PhD/postdoc in innovative NMR methods – Linser lab

We are looking for an additional group member in the field of NMR spectroscopy on proteins.
Our focus is the characterization of protein structure, dynamics and interactions, using both solution and solid-state NMR spectroscopy. In the past, we have committed ourselves to the development of innovative NMR methodology as well as application of new and established methods to better understand the behavior of various proteins. In particular, we are one of the drivers for proton-detected solid-state NMR methods development, in particular regarding higher-dimensionality experiments and other innovative strategies, improved structure elucidation, and assessment of protein dynamics. Our biological interests are the protein dynamics playing a role for enzymatic function and as well as protein-small molecule and protein/DNA interactions.
The lab has an outstanding infrastructure and research environment, including manifold facilities and services of the MPI for molecular physiology (_expression_, crystallization, etc.) and the IMPRS research school, providing excellent research opportunities. Our lab has an 800 and a 700 MHz high-field NMR spectrometer, a second 800 MHz and a 500 MHz system coming soon, as well as part of the measurement time of a shared 700 MHz system. We use state-of-the-art equipment, including two probes for MAS at 111 kHz. Whereas in the past, most projects were based on solid-state NMR methods, we are now equally applying NMR in solution and in solids with a wide range of facets.

The preferred candidates should be knowledgeable in both, biochemistry and NMR characterization of proteins, including all aspects from protein production, assignments, structure calculation, and basics of dynamics. Applicants should be devoted chemists/biochemists/physicists by training, craving for exciting structural-biology data and leading-edge technical concepts, and foster scientific exchange with their fellow coworkers. A social and committed personality, a high level of detail and strong commitment are also important prerequisites.

Dortmund is a well-connected, diverse, and vibrant city of around 600 k people in Western Germany now with a strong focus on science and education. The group is (and will be) part of a multitude of science platforms fostering high-quality interdisciplinary research and scientific exchange, and most projects involve collaborations with molecular dynamics, drug discovery/medicinal chemistry, and biochemistry groups in the MPI and the department.

If you feel like you meet the above criteria and are interested in developing and applying innovative NMR technology, I would be very happy to get in touch. For PhD applicants, who will be part of the International Max Planck Research School, please note the 18.04.22 as the deadline of the current IMPRS call: https://www.imprs-lm.mpg.de/index.php/join/apply
(You would have to apply there, but you are welcome to get in touch with me informally beforehand.)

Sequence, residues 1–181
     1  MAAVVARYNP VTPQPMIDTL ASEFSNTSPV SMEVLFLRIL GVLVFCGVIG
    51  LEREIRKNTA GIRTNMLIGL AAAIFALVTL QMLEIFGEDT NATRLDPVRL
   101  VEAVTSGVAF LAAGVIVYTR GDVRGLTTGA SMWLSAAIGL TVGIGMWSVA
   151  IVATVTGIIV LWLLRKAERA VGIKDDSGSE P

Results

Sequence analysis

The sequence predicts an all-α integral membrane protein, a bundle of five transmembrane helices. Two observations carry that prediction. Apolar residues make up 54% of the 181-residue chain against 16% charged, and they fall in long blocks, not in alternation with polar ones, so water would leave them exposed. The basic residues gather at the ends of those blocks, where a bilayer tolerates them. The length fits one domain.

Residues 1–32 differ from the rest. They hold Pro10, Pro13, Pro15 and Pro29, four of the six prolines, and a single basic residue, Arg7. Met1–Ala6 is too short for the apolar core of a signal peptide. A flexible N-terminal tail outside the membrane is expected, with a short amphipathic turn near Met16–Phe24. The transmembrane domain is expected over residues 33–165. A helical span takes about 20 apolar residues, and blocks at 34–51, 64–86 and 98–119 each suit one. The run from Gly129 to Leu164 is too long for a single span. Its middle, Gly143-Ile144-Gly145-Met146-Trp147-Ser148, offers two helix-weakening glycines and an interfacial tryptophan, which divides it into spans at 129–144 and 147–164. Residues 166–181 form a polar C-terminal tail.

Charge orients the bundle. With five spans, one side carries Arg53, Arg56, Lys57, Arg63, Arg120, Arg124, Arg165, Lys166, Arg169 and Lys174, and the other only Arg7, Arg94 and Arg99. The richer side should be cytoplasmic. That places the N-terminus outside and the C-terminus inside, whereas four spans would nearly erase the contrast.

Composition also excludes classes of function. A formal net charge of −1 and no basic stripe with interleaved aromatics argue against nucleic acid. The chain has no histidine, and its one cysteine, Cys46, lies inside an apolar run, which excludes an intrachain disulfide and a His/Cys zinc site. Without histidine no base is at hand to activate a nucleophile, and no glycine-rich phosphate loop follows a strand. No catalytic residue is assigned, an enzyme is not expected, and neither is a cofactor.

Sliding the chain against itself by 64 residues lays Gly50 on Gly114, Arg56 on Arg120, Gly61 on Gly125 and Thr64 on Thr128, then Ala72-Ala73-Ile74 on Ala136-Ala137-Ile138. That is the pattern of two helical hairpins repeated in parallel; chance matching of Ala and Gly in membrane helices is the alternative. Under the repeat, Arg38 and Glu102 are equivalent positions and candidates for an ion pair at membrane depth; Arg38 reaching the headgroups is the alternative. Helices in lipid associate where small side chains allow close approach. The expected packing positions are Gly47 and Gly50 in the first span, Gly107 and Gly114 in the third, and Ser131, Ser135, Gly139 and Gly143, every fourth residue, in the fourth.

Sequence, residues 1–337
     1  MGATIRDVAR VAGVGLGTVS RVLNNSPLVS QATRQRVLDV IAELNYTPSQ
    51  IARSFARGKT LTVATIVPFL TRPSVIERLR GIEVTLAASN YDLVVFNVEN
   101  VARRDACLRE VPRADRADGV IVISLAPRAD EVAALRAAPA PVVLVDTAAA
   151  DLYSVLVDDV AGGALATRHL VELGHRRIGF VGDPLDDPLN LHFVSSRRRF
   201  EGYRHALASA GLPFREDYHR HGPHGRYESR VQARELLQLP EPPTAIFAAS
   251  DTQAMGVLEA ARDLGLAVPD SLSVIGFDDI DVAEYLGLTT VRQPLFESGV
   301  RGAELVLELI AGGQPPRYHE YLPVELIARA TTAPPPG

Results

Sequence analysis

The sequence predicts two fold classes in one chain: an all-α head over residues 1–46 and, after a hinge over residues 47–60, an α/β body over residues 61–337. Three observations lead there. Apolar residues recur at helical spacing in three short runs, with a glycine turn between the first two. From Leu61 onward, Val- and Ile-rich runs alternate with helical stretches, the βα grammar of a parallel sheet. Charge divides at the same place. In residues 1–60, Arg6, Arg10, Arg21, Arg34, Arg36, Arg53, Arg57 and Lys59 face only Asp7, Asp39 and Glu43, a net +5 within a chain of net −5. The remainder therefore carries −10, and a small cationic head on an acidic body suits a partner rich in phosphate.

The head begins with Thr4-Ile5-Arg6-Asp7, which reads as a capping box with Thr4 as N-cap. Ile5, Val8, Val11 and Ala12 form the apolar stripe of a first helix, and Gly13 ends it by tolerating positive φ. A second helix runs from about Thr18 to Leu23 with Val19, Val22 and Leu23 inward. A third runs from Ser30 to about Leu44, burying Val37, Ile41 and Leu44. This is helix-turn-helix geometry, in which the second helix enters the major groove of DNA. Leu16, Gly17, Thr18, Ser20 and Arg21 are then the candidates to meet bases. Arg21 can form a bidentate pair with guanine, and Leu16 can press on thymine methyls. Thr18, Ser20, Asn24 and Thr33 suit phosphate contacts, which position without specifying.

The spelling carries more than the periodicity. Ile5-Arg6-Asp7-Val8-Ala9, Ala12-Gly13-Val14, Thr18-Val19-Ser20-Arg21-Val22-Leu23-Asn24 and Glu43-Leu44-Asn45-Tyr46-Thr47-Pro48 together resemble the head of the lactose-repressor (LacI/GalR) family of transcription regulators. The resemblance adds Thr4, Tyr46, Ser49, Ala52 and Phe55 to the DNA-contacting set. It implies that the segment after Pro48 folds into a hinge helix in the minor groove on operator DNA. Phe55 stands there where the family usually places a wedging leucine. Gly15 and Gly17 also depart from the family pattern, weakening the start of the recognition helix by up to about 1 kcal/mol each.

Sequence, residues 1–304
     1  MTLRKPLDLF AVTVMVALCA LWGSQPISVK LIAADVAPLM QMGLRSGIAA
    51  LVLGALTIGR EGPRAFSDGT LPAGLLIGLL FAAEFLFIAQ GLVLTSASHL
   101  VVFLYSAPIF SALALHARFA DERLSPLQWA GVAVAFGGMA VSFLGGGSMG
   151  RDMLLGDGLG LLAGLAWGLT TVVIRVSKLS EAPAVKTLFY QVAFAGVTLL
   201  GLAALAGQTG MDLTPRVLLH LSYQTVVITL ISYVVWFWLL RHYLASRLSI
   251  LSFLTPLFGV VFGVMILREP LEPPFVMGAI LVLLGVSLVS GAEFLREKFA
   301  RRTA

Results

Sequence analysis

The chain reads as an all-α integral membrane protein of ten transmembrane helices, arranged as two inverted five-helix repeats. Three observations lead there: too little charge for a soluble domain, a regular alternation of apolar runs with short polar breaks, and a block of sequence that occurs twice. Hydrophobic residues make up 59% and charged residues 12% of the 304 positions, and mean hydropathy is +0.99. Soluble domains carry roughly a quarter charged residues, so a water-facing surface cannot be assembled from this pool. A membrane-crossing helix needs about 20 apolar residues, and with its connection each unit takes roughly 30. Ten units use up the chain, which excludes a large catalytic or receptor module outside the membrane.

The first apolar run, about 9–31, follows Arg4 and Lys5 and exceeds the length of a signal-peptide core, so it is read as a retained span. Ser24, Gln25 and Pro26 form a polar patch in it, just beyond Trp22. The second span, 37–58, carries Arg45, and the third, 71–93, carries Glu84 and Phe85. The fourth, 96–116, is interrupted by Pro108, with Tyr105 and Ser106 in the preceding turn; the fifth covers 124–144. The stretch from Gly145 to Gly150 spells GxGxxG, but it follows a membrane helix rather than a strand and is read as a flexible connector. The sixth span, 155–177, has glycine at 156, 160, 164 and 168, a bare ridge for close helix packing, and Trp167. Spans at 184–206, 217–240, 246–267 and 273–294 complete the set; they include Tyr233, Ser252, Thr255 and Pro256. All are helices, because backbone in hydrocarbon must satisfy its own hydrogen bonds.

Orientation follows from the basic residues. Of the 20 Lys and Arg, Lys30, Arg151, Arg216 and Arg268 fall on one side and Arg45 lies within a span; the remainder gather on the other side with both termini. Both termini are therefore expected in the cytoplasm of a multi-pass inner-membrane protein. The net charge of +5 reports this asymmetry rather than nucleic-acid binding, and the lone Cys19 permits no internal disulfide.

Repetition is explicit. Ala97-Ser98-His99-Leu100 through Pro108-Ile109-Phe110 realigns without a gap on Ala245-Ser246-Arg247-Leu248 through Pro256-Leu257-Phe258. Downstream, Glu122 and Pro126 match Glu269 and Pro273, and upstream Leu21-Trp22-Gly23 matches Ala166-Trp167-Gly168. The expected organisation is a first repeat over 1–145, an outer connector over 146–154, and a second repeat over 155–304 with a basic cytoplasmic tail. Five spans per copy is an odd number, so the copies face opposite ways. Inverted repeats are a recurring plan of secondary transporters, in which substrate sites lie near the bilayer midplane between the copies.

Please also check the following webpage for more information on the lab:
www.linser-lab.com

Some of our recent papers are listed below.

Best regards,
Rasmus Linser

A. Klein, P. Rovó, V. V. Sakhrani, Y. Wang, J. B. Holmes, V. Liu, P. Skowronek, L. Kukuk, S. K. Vasa, P. Güntert, L. J. Mueller, R. Linser, “Atomic-Resolution Chemical Characterization of (2x)72 kDa Tryptophan Synthase via 4D and 5D 1H-Detected Solid-State NMR”, Proc. Natl. Acad. Sci. U.S.A, 119 (4) e2114690119 (2022), DOI: 10.1073/pnas.2114690119 (Link).

A. Klein, S. K. Vasa, B. Söldner, K. Grohe, R. Linser, “Unambiguous Sidechain Assignments for Solid-State Nuclear Magnetic Resonance Structure of Non-deuterated Proteins via a Combined 5D/4D Sidechain-to-Backbone Experiment”, J. Phys. Chem. Lett., 13, 1644–1651 (2022), DOI: 10.1021/acs.jpclett.1c04075 (Link).

H. Singh, C. K. Das S. K. Vasa, K. Grohe, L. V. Schäfer, R. Linser, “The active site of a prototypical “rigid” drug target is marked by extensive conformational dynamics”, Angew. Chem., Int. Ed., 59 (51), 22916-22921(2020), DOI: 10.1002/anie.202009348 (Link).

H. Singh, S. K. Vasa, H. Jangra,  P. Rovó, C. Päslack, C. K. Das, H. Zipse, L. Schäfer, R. Linser, “Fast-microsecond dynamics of the protein-water network in the active site of human carbonic anhydrase II by solid-state NMR spectroscopy.” J. Am. Chem. Soc., 141 (49), 19276-19288, DOI: 10.1021/jacs.9b05311 (2019). (Link)

S. K. Vasa, H. Singh, K.Grohe, R. Linser, "Assessment of a large enzyme-drug complex by proton-detected solid-state NMR without deuteration", Angew. Chem. Int. Ed., 58 (17), 5758-5762, DOI: 10.1002/anie.201811714 (2019). (Link)

P. Rovó, C. A. Smith, D. Gauto, B. L. de Groot, P. Schanda, R. Linser, “Mechanistic insights into microsecond timescale motion of solid proteins using complementary 15N and 1H relaxation dispersion techniques”, J. Am. Chem. Soc., 141 (2), 858–869, DOI: 10.1021/jacs.8b09258 (2019). (Link)

— 
Prof. Dr. Rasmus Linser
Chair for Biomolecular NMR Spectroscopy,
Department of Chemistry and Chemical Biology,
TU Dortmund University,
Otto-Hahn-Str. 4a, 44227 Dortmund
Germany

Web: http://www.linser-lab.com